The polling was leaving Idaho Democrats breathless: That sea change they've been waiting for, for the last 14 years at least, seemed at hand, with polling that actually put several Democratic candidates for major office ahead of Republicans.
Now we have the actual votes, enough of them at least to tell that the sea has not changed.
At this writing, only about half of the precincts are in. (Canyon County, notoriously late in last May's primary, is late coming in again. And so Bannock, and some others.) But the vote distribution seems generally broad enough to draw some conclusions, starting with this: The two big races on which Democrats had pinned their highest hopes, for governor and for the 1st district U.S. House seat, appear to be going to the Republicans, C.L. "Butch" Otter and Bill Sali.
And that is true despite a long string of advantages that appeared to play to Democrats' favor: A terrible national atmosphere for Republicans (a very good night for Democrats nationally), big problems in the campaigns of the Republicans, campaigns by the Democrats that were played smartly, issues that played to the Democrats' advantage, and much more. But Republicans in Idaho have massive institutional advantages at this point, and a lot of people in the state simply cannot conceive of wanting to vote for a Democrat. And they didn't.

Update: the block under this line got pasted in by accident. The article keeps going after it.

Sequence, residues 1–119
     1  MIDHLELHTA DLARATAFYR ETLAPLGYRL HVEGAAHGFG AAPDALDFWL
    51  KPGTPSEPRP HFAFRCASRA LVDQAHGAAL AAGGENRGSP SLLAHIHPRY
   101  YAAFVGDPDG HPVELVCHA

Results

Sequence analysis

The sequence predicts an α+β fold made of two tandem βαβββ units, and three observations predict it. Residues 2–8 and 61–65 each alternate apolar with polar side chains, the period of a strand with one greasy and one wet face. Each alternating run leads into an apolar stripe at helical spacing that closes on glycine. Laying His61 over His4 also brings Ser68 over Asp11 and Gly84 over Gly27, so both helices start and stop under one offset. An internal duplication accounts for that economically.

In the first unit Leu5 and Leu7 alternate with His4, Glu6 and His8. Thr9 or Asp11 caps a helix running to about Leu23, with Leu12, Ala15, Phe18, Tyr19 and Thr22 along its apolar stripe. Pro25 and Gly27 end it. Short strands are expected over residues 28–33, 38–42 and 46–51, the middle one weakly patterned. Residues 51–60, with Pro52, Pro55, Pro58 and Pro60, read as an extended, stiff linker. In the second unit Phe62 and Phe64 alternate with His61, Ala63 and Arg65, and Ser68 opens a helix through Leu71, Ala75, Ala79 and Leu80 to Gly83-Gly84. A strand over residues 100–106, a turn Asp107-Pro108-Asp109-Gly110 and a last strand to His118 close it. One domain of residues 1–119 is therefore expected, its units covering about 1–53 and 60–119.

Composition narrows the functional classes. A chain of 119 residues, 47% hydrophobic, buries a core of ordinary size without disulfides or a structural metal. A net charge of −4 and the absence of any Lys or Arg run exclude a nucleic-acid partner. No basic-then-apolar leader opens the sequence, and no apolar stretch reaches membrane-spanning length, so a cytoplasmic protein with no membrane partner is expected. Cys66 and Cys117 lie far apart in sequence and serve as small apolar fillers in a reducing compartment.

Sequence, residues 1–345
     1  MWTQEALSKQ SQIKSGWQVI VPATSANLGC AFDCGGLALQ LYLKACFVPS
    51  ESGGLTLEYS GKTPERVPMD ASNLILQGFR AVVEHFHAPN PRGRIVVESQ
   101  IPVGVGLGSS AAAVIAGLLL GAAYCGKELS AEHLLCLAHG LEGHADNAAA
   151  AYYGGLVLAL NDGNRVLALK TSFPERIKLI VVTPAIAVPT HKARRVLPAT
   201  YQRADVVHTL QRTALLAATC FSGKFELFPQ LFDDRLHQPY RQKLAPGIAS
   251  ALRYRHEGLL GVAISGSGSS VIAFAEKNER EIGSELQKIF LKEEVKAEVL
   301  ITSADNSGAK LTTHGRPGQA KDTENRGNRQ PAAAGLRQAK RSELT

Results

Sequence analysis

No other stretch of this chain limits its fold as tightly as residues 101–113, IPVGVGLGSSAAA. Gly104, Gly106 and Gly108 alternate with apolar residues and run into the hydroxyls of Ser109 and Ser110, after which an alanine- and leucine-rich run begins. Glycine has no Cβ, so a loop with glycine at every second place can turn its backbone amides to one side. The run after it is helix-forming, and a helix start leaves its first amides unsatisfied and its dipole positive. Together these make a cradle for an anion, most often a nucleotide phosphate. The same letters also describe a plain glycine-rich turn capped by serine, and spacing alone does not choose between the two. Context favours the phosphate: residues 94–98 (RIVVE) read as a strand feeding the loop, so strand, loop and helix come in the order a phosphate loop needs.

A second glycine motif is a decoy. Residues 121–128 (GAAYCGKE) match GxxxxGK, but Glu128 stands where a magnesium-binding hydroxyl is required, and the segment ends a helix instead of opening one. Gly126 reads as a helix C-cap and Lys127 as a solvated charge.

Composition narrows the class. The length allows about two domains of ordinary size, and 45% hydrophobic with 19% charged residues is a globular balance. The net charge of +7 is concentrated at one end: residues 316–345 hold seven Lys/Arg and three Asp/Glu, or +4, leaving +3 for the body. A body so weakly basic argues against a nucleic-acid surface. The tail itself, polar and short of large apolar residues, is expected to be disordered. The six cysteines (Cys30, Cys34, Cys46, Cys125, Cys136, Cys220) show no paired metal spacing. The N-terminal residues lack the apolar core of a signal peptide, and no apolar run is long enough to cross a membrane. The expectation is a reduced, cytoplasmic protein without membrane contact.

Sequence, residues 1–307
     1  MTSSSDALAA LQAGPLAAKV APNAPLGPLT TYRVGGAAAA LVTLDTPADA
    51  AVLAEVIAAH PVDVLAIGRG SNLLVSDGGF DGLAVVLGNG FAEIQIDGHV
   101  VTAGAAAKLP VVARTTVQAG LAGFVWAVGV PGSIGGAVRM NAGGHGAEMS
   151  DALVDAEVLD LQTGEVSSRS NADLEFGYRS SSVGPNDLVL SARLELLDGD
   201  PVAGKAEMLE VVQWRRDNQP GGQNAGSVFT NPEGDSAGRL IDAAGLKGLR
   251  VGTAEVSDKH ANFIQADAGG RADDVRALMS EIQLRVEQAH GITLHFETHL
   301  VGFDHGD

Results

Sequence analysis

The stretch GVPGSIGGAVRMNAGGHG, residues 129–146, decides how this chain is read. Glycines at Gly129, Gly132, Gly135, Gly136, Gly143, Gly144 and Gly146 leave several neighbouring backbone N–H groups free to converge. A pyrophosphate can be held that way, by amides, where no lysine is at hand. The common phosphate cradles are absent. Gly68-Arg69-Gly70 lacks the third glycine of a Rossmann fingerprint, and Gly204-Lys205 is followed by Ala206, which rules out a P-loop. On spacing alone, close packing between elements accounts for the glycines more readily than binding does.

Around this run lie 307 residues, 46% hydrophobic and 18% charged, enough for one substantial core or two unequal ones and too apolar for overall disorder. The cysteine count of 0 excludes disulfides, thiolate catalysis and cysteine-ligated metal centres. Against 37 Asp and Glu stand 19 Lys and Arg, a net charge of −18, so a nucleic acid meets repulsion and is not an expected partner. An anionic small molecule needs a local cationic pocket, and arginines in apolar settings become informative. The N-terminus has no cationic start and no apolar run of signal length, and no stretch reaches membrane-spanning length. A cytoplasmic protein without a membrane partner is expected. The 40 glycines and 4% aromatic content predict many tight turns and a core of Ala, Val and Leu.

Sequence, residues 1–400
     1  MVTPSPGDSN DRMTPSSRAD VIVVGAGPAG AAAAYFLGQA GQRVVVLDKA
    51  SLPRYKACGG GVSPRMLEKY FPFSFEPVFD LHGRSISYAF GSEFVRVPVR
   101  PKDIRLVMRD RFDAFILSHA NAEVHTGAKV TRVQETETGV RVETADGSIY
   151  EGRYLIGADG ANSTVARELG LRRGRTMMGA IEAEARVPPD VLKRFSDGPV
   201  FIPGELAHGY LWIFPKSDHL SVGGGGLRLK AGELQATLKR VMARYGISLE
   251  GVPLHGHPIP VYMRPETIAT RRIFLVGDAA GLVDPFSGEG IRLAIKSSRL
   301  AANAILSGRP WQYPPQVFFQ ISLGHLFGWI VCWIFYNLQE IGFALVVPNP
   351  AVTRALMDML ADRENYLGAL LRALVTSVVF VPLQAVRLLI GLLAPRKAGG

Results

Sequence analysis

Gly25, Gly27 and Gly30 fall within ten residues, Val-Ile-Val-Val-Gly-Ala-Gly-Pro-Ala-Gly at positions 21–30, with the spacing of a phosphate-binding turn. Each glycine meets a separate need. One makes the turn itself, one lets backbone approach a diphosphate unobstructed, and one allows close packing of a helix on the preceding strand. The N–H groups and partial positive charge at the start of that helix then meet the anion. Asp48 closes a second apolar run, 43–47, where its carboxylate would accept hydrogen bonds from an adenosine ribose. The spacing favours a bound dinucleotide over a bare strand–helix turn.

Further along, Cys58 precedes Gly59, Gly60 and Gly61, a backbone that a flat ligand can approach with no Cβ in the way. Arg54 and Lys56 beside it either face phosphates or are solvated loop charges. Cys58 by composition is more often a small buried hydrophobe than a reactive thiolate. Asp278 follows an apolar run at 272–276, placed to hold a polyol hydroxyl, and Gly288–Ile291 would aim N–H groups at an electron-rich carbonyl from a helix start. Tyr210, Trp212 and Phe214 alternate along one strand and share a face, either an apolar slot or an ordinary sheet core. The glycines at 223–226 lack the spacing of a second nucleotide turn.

Nor (based on the most recent results) did they win the race for superintendent of public instruction, or for state controller, and in both cases they seemed to have some unusual advantages. In the latter, strong endorsements from industry groups and even Republicans like Frnak Vander Sloot of Idaho Falls; none of that matters, evidently, nearly as much as party identification.
There are specks of light for the Democrats. On the legislative front, they did make - as we suspected they would - substantial progress in the districts of the city of Boise, taking all three seats in the three most urban of the Boise legislative districts, and two of three seats in another (apparently - results were not yet final on that one). Boise seems en route to becoming a Democratic city, a trend evident in the 2004 elections and clearer now.
As for inroads elsewhere . . . there were a few. Results were incomplete in some cases, though Democrats do appear to have won a smattering of other races.
We'll come back to all this.